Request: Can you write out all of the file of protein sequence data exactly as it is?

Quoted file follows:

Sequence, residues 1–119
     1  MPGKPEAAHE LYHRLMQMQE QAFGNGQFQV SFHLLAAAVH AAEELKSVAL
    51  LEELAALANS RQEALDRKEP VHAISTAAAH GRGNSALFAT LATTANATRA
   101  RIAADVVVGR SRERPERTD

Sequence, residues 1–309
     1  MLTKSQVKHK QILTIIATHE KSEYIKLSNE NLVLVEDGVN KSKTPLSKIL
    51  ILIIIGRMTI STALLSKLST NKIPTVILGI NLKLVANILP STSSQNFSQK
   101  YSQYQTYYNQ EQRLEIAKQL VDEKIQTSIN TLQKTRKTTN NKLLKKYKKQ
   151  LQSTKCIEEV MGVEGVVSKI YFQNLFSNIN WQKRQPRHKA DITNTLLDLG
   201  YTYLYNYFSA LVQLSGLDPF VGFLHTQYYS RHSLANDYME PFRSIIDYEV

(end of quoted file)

Sequence, residues 1–119
     1  MPGKPEAAHE LYHRLMQMQE QAFGNGQFQV SFHLLAAAVH AAEELKSVAL
    51  LEELAALANS RQEALDRKEP VHAISTAAAH GRGNSALFAT LATTANATRA
   101  RIAADVVVGR SRERPERTD

Sequence, residues 1–309
     1  MLTKSQVKHK QILTIIATHE KSEYIKLSNE NLVLVEDGVN KSKTPLSKIL
    51  ILIIIGRMTI STALLSKLST NKIPTVILGI NLKLVANILP STSSQNFSQK
   101  YSQYQTYYNQ EQRLEIAKQL VDEKIQTSIN TLQKTRKTTN NKLLKKYKKQ
   151  LQSTKCIEEV MGVEGVVSKI YFQNLFSNIN WQKRQPRHKA DITNTLLDLG
   201  YTYLYNYFSA LVQLSGLDPF VGFLHTQYYS RHSLANDYME PFRSIIDYEV